While you cannot see inside the box (except, of course, for you, Mr. Kent), there is ample feedback to get a feel for what’s inside. Once open, you can see the majority of the box’s mechanisms, but one part I found to be particularly tough was not so easily sussed out; such subtlety gave me a good post-solve aha as I poked and prodded a bit before I could fully grok what was happening.

The reset is straightforward and the mechanisms are quite fluid and reliable: once mastered, you can re-solve it reliably and I’d be surprised if there are any problems down the road. I found the solve to be really satisfying, so much so that I kept at it until I could solve it quickly enough to soothe my inner Fonzi (‘eyyyyyyyyy). While writing this, I’ve solved it at least another 10 times: I hadn’t solved it in a few weeks, so the first time took me a bit to remember everything, the next few let me lock it down, and the last few were just for fun.

As this is still an unfinished design, I had some feedback for Dee as I did feel like there are opportunities to add a bit more complexity to the design (to which Dee agreed, as he had been thinking the same thing). I had a couple vague ideas, so if there is anything you really like about the puzzle, clearly it will be due to the Yoda-like guidance I provide this particular puzzling pa-Dee-wan, rather than Dee’s extensive woodworking experience and increasingly honed puzzle-design skills (obv). I figure he still needs some time to get the box shined up and grab some bits of fancy wood and then this box is gonna move ya, (e.g. move you up, move you out, the box is gonna move ya just don’t pop it in your mooouuuuth…. I really should stop that).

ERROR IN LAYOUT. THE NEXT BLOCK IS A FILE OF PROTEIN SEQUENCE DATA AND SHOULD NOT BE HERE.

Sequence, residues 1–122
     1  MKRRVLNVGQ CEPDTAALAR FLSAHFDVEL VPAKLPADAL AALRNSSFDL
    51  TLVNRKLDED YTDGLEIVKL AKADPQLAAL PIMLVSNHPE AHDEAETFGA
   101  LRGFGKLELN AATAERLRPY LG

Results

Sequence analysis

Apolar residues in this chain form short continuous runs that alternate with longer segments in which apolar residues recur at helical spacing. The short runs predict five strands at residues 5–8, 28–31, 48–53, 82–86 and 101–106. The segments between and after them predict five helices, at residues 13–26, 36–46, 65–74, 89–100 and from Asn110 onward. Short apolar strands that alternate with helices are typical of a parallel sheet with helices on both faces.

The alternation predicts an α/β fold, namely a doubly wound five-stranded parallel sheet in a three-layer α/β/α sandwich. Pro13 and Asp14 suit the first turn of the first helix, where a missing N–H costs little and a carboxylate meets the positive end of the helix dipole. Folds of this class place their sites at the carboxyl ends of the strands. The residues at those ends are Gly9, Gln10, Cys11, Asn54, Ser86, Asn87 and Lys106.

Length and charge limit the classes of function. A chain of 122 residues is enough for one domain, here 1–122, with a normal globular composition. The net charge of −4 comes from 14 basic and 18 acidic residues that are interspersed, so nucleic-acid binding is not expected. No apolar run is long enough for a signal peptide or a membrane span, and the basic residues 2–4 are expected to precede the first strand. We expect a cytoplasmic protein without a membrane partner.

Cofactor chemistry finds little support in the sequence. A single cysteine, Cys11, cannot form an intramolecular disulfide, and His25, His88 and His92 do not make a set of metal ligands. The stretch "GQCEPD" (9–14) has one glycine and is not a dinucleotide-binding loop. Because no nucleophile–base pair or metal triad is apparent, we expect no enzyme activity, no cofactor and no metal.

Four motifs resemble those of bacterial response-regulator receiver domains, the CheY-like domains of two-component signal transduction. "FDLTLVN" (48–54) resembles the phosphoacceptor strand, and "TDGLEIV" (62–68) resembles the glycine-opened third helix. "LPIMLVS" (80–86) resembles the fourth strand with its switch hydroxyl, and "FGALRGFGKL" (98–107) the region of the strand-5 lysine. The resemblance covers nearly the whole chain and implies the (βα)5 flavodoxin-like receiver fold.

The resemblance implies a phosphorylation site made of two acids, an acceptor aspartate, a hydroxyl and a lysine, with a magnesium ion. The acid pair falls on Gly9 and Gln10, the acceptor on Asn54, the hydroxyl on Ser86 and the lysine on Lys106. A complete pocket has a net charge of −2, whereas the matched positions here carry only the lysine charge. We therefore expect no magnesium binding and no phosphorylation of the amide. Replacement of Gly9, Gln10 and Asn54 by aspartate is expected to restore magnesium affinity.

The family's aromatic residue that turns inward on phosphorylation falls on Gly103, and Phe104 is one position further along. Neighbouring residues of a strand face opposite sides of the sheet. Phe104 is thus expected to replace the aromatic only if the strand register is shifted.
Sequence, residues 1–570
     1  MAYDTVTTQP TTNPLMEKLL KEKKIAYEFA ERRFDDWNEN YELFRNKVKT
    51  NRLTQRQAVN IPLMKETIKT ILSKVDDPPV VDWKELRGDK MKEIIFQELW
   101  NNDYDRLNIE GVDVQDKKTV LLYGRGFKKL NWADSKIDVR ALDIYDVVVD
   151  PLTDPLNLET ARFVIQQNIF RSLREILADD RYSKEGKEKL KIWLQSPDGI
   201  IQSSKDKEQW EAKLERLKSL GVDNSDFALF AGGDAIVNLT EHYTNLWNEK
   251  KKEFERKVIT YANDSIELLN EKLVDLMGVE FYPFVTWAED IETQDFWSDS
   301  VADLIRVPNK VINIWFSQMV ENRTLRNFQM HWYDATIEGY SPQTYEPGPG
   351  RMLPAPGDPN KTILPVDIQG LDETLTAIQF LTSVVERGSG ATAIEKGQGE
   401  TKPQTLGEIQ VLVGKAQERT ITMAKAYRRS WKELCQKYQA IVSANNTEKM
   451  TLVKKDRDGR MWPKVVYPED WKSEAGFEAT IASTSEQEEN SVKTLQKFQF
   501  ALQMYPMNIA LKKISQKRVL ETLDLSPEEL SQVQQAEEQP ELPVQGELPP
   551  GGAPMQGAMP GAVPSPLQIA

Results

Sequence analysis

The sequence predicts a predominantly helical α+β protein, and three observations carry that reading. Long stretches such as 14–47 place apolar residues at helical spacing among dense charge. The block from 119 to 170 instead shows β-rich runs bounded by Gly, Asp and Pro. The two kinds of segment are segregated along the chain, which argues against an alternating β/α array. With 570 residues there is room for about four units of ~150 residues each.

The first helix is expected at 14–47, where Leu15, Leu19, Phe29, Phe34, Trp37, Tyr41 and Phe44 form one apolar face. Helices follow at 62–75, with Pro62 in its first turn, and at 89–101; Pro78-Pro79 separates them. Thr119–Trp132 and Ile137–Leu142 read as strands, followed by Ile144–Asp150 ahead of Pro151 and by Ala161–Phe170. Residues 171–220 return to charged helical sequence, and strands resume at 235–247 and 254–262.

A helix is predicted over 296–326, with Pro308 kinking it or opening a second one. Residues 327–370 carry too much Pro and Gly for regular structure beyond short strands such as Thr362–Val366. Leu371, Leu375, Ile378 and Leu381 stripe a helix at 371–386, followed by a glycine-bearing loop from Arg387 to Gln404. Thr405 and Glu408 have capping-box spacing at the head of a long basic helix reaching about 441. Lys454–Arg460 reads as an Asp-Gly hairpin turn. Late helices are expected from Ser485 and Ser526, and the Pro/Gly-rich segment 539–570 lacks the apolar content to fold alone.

Gum commercial allusions aside, I anticipate that the final version will make for a great puzzle, with any additional elements building upon what is already a tricky challenge and fun solve. I certainly plan on buying a copy of it when it becomes available, and look forward to whatever added trickery it will contain.

If you like what you read about Large Mauve and want a box just like this box (ok, that joke might be a stretch) I’d recommend harassing Dee about it, as I suspect he might explore the concept further if there was sufficient interest.

If you like what you read about TNB, just chillax and give it some time; Dee and his puzzlelves are hard at work on the more complex follow-up to the playful (but not too difficult) Spirit Box, which is still available now (like now now, as I write this, not the future now when you are reading this, at which time they may no longer be available, especially as there will be multiple future nows as this is read by multiple you’s….. for more thought-provoking ideas, please contact your local dispensary or go here).

And if you like what you’ve read at all, there may be something wrong with you: Get help.


Puzzles that Make You Think of Gum Grade: Five Sinatras

(click here for more information on the Sinatra Scaling System, (c) John Maynard Keynes, 1944)